I recently re-read Douglas Hardings short book, “On Having No Head”. He wrote this classic in 1961, and I read it first as a young man perhaps 30 years ago, but it has not aged one drop.
This is a true gem of a book – it sparkles in the light and when viewed from some angles it is beautiful indeed, but there are some sharp pointy bits, and it’s quite hard.
If it seems like I took a metaphor too literally there, then that’s what this book does, using it to drive home some very deep points.
From where we look out to the world, Douglas Harding points out that we quite literally can’t see our own head. There’s this vague pink cloud which on other people seems to form a nose, but from where we look, it’s translucent and appears either on the left or the right, depending on which way we’re looking, so that doesn’t seem to be like other people’s noses. If we see our head in a reflection, we aren’t seeing our head itself, we are seeing a reflection – often distorted, in water, at an angle on glass, in a shiny door knob or the back of our spoon. Which of these is the real shape of our head? We are indeed unreliable witnesses:
If I fail to see what I am (and especially what I am not) it’s because I’m too busily imaginative, too “spiritual”, too adult and knowing, too credulous, to intimidated by society and language, too frightened of the obvious to accept the situation exactly as I find it at this moment.
Which is the start of the deep points that are being made. We seem, if we look from this point of view, to be directly connected to the whole world. The whole world is where we used to imagine our head was, and we are deeply, intimately, as one with that world:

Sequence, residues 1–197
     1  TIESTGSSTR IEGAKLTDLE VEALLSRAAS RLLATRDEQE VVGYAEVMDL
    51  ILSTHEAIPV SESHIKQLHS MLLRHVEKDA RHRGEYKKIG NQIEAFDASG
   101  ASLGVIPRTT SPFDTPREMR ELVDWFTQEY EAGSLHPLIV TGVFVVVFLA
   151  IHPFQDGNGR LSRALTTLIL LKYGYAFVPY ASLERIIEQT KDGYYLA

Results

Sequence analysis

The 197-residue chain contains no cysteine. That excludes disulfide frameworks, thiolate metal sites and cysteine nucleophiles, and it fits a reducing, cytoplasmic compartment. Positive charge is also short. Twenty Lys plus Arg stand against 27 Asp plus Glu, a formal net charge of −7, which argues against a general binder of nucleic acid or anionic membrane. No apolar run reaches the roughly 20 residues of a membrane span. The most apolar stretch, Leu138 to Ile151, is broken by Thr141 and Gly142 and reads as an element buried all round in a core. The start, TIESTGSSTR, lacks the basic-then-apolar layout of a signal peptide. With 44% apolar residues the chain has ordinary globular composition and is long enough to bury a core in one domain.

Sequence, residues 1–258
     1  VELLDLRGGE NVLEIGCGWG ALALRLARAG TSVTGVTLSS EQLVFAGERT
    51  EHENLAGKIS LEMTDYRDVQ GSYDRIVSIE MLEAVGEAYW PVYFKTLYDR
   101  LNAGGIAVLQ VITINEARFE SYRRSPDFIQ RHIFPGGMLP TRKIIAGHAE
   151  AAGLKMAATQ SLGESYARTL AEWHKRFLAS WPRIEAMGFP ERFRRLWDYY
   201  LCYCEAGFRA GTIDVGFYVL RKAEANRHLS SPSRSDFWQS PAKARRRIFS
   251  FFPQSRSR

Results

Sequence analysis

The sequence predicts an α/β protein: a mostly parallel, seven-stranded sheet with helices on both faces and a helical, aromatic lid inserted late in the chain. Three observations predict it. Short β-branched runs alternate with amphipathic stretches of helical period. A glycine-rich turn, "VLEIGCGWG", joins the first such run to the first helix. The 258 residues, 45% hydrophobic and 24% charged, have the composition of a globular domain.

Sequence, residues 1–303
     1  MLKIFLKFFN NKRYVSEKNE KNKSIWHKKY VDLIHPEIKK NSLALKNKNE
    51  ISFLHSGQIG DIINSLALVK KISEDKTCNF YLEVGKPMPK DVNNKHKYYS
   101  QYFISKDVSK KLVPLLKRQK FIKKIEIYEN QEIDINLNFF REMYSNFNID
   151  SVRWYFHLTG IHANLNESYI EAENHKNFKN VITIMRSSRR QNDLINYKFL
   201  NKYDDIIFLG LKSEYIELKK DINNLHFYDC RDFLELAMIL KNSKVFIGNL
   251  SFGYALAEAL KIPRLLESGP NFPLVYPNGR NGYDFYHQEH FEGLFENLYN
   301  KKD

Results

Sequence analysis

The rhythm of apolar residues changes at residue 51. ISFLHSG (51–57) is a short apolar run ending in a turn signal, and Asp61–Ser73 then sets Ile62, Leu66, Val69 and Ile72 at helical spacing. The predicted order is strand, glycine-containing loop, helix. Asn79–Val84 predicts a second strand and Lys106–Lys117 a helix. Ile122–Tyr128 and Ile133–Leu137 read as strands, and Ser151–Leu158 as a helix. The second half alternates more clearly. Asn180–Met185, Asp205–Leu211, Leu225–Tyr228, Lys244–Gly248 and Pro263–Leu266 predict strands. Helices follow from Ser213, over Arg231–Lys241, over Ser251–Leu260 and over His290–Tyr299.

There are no obstructions here, no inside or outside, no room or lack of room, no hiding place or shelter: I can find no home here to live in or to be locked out of, and not an inch of ground to build it on.
Douglas Harding had these revelations on his own, and his pursuit of others who might at least understand what he was talking about led him eventually to Zen Buddhism. This short book, then, is really about the Zen experience from an intensely first-hand point of view. Harding found that the Heart Sutra, daily recited in Zen (and other Buddhist) monasteries, declares that the body is just emptiness: “Form is emptiness, emptiness is form”, it famously declares. This is the profound experience of Zen. Hardin quotes the 16th-century Zen master Han-shan:
“I took a walk. Suddenly I stood still, filled with the realization that I had no body or mind. All I could see was one great illuminating Whole – omnipresent, perfect, lucid, and serene. It was like an all-embracing mirror from which the mountains and rivers of the earth were projected… I felt clear and transparent”
This is the direct experiencing of non-duality, of Advaita, as the Buddhists call it, the Zen experience of Satori It’s not a Zen or a Buddhist concept alone, either – you see it in Christian mystics, in the writings of Hindu and Muslims as well. Even Shakespeare knew of it, when in Measure for Measure he has Isabella say, in a much-quoted speech:
…man, proud man, Drest in a little brief authority, Most ignorant of what he’s most assured, His glassy essence, like an angry ape
This is indeed a short, but profound, book, directly confronting our inner angry ape. Harding ends with a sketch of a path, of experiences and exercises, that might help us along our way to finding this truth at the heart of reality. He achieved the “direct path” to this insight, and I toil along the lower slope of the mountain daily, with rare glimpses of the glorious peaks when the clouds break. But Werner Erhard had it right:
This is it. There are no hidden meanings. All that mystical stuff is just what’s so.